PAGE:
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Species Agrotis malefida - Rascal Dart - Hodges#10661

Moth - Agrotis malefida Noctuidae? Top View - Agrotis malefida Noctuid - Agrotis malefida Agrotis malefida Agrotis malefida? - Agrotis malefida Rascal dart - Agrotis malefida Agrotis malefida What type of moth? - Agrotis malefida
Show images of: caterpillars · adults · both
Classification
Kingdom Animalia (Animals)
Phylum Arthropoda (Arthropods)
Subphylum Hexapoda (Hexapods)
Class Insecta (Insects)
Order Lepidoptera (Butterflies and Moths)
Superfamily Noctuoidea (Owlet Moths and kin)
Family Noctuidae (Owlet Moths)
Subfamily Noctuinae (Cutworm or Dart Moths)
Tribe Noctuini
Subtribe Agrotina
Genus Agrotis
Species malefida (Rascal Dart - Hodges#10661)
Hodges Number
10661
Other Common Names
Pale-sided Cutworm (larva)
Rugged Cutworm (larva)
Synonyms and other taxonomic changes
Agrotis malefida Guenée, 1852
Agrotis inspinosa Guenée, 1852
Agrotis consueta Walker, [1857]
Agrotis submuscosa Herrich-Schäffer, 1868
Noctua robusta Blanchard, 1852
* phylogenetic sequence #933526
Size
Forewing length 18-23 mm (Powell & Opler, 2009).(1)
Identification
Adult - forewing brownish in male, gray to blackish in female; reniform spot large, dark; claviform spot short, wide, solid black; orbicular spot outlined in black, and keyhole-shaped (broadly oval basally, with elongate "tail" distally, often with black center in basal portion); PM line scalloped; outer margin with blackish wedge extending into subterminal area about one-third distance from costa. Hindwing gleaming white with thin brown terminal line and brown-lined veins.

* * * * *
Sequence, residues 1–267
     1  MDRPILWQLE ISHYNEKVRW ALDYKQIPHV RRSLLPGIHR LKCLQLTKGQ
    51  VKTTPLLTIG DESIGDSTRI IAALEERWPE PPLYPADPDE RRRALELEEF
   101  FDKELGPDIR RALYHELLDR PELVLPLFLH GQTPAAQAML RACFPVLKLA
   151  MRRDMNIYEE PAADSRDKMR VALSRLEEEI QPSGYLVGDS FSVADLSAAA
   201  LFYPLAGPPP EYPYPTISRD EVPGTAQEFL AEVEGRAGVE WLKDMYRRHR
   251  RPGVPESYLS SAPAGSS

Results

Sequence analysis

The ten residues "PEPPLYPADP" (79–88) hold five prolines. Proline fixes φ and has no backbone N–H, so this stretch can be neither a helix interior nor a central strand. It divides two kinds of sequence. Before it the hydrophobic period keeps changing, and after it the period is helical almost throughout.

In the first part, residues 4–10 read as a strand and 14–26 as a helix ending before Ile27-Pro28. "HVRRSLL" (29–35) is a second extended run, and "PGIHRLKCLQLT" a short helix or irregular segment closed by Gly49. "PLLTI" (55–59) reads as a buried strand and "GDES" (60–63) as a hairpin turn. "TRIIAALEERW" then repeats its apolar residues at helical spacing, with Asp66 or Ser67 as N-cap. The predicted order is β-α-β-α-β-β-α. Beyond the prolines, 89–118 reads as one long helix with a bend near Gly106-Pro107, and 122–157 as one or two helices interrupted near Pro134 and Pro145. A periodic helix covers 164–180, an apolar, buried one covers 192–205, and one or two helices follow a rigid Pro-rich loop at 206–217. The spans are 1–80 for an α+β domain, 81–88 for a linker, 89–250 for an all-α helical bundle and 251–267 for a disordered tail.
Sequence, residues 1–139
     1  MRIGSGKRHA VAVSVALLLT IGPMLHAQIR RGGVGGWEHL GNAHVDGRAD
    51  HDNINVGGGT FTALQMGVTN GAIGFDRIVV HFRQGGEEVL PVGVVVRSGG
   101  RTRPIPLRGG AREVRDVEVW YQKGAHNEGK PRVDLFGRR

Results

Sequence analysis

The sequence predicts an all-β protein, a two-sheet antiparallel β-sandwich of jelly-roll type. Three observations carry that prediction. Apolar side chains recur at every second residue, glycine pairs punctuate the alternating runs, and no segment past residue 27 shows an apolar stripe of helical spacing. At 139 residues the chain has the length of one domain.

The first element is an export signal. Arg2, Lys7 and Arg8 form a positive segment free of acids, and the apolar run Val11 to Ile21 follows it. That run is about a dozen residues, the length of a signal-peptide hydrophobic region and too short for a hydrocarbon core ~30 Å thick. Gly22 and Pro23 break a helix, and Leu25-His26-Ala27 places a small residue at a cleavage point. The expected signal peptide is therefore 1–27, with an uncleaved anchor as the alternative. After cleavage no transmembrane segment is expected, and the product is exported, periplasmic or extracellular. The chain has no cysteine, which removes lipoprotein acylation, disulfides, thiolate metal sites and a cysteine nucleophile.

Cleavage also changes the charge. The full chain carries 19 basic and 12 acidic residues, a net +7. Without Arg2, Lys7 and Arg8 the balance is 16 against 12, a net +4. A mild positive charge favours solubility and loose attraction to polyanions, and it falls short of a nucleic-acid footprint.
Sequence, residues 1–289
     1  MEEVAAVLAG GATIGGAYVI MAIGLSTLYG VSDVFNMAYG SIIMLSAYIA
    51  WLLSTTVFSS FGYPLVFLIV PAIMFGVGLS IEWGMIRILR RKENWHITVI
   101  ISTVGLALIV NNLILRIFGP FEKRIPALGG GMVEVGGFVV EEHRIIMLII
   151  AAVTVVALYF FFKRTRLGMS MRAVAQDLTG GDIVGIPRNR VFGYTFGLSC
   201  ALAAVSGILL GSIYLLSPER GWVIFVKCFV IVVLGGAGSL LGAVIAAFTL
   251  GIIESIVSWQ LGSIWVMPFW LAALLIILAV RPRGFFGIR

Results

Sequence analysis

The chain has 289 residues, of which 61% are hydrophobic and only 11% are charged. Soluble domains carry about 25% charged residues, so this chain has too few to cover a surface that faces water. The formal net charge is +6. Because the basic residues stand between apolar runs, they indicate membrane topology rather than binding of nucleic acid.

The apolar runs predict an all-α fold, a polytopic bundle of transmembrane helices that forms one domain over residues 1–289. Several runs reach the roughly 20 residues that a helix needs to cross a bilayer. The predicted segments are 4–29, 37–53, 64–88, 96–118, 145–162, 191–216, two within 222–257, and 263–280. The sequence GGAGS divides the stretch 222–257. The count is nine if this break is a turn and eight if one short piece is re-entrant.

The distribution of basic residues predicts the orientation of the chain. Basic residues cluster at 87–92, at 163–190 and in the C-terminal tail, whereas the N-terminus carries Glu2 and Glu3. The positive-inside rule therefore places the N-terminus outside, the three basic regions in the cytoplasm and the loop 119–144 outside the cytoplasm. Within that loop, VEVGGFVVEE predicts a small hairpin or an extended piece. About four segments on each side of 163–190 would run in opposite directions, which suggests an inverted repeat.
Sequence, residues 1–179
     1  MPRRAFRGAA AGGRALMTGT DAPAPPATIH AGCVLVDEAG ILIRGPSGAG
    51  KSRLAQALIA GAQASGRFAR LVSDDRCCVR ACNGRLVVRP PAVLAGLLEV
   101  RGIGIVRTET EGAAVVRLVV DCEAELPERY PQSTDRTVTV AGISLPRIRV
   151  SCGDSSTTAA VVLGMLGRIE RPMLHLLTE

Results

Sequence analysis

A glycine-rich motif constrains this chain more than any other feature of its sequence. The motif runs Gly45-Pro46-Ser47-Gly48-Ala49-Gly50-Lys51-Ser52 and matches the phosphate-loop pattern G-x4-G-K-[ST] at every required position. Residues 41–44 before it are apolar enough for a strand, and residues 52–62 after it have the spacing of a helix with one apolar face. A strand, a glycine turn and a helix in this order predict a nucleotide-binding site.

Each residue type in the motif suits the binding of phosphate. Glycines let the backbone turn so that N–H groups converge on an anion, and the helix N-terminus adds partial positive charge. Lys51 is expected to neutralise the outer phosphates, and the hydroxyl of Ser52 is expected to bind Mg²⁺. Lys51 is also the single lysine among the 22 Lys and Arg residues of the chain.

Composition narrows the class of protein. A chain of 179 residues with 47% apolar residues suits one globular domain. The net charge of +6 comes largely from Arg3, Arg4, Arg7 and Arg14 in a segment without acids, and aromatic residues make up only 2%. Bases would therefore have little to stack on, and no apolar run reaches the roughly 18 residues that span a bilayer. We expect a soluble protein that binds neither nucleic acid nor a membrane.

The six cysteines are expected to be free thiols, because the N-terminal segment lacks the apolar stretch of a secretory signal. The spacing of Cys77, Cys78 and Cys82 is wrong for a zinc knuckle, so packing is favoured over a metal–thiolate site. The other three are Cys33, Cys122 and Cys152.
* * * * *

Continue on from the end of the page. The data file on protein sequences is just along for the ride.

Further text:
Larvae - dark gray above and below with two broad whitish or pale yellowish stripes along side, separated by dark line; two dark dots in middle of pale stripes on each segment.
Range
Southern half of United States (stray in the northeast to New York) through Mexico and Central and South America to Argentina and Chile. (2), (3)
Habitat
Fields, gardens, croplands.
Season
Adults fly from April to October.
Food
Larvae feed on many wild and cultivated plants, including clover, corn, pea, tomato.
Remarks
Rascal Dart is the name given to the adult in Covell's Guide to Moths of Eastern North America.(4)
See Also
In A. obliqua and venerabilis, the orbicular spot is elongate but not keyhole-shaped, and the claviform spot is joined to a basal dash that extends to the base of the forewing (see comparison images)
Agrotis apicalis is very similar but apparently occurs only in Florida and Cuba
Print References
Boisduval, J. A. & A. Guenée 1852. Hist. nat. Ins., Spec. gén. Lépid. 5, Noctuélites 1): 267
Covell Jr., C. V. 1984. A field guide to the moths of eastern North America. P.90, pl.19(7)
Lafontaine, J. D. 2004. Moths of America North of Mexico, Fascicle 27.1: p.248; pl.L.33-35
Powell, J. A. & P. A. Opler 2009. Moths of Western North America. University of California Press. pl.58.4m, p.313
Internet References
pinned adult image plus synonym history, distribution, male genitalia (Pierre Zagatti, Catalogue of Lepidoptera of the French Antilles)
pinned adult image (Bruce Walsh, Moths of Southeastern Arizona)
pinned adult image and common name reference [Pale-sided Cutworm; larva] (Matthew Barnes, Moths of Jamaica)
common name reference [Rugged Cutworm; larva] (Jorge Raul Aragon, Natural enemies of alfalfa cutworms in eastern Cordoba, Argentina)
presence in New York; list (Olive Natural Heritage Society, New York)